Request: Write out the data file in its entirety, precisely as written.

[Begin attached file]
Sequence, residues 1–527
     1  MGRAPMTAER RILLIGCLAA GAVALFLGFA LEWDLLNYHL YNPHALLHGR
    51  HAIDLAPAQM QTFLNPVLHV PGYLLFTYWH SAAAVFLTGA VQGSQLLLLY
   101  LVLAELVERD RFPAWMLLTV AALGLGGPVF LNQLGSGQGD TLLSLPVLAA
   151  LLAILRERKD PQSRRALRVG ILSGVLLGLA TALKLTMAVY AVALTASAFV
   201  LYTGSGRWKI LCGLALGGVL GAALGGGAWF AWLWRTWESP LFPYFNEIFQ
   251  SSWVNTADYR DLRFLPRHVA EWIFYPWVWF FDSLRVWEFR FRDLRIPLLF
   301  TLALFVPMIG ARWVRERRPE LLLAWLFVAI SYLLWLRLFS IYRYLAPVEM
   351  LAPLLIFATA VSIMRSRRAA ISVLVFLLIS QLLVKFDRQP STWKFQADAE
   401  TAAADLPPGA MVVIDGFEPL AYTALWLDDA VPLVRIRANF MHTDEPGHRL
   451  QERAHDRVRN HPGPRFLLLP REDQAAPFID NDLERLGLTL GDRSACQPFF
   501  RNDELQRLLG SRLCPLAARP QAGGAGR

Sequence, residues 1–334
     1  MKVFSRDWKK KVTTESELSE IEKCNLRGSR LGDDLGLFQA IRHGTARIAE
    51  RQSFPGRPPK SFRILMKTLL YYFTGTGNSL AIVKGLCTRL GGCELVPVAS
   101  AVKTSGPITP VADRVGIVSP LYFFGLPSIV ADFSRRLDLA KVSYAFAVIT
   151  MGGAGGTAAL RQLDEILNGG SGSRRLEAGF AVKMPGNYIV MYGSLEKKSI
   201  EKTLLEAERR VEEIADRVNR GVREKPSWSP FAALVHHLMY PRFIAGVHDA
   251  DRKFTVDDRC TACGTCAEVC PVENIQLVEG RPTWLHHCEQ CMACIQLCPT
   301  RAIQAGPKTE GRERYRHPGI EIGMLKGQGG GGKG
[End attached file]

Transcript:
Sequence, residues 1–527
     1  MGRAPMTAER RILLIGCLAA GAVALFLGFA LEWDLLNYHL YNPHALLHGR
    51  HAIDLAPAQM QTFLNPVLHV PGYLLFTYWH SAAAVFLTGA VQGSQLLLLY
   101  LVLAELVERD RFPAWMLLTV AALGLGGPVF LNQLGSGQGD TLLSLPVLAA
   151  LLAILRERKD PQSRRALRVG ILSGVLLGLA TALKLTMAVY AVALTASAFV
   201  LYTGSGRWKI LCGLALGGVL GAALGGGAWF AWLWRTWESP LFPYFNEIFQ
   251  SSWVNTADYR DLRFLPRHVA EWIFYPWVWF FDSLRVWEFR FRDLRIPLLF
   301  TLALFVPMIG ARWVRERRPE LLLAWLFVAI SYLLWLRLFS IYRYLAPVEM
   351  LAPLLIFATA VSIMRSRRAA ISVLVFLLIS QLLVKFDRQP STWKFQADAE
   401  TAAADLPPGA MVVIDGFEPL AYTALWLDDA VPLVRIRANF MHTDEPGHRL
   451  QERAHDRVRN HPGPRFLLLP REDQAAPFID NDLERLGLTL GDRSACQPFF
   501  RNDELQRLLG SRLCPLAARP QAGGAGR

Sequence, residues 1–334
     1  MKVFSRDWKK KVTTESELSE IEKCNLRGSR LGDDLGLFQA IRHGTARIAE
    51  RQSFPGRPPK SFRILMKTLL YYFTGTGNSL AIVKGLCTRL GGCELVPVAS
   101  AVKTSGPITP VADRVGIVSP LYFFGLPSIV ADFSRRLDLA KVSYAFAVIT
   151  MGGAGGTAAL RQLDEILNGG SGSRRLEAGF AVKMPGNYIV MYGSLEKKSI
   201  EKTLLEAERR VEEIADRVNR GVREKPSWSP FAALVHHLMY PRFIAGVHDA
   251  DRKFTVDDRC TACGTCAEVC PVENIQLVEG RPTWLHHCEQ CMACIQLCPT
   301  RAIQAGPKTE GRERYRHPGI EIGMLKGQGG GGKG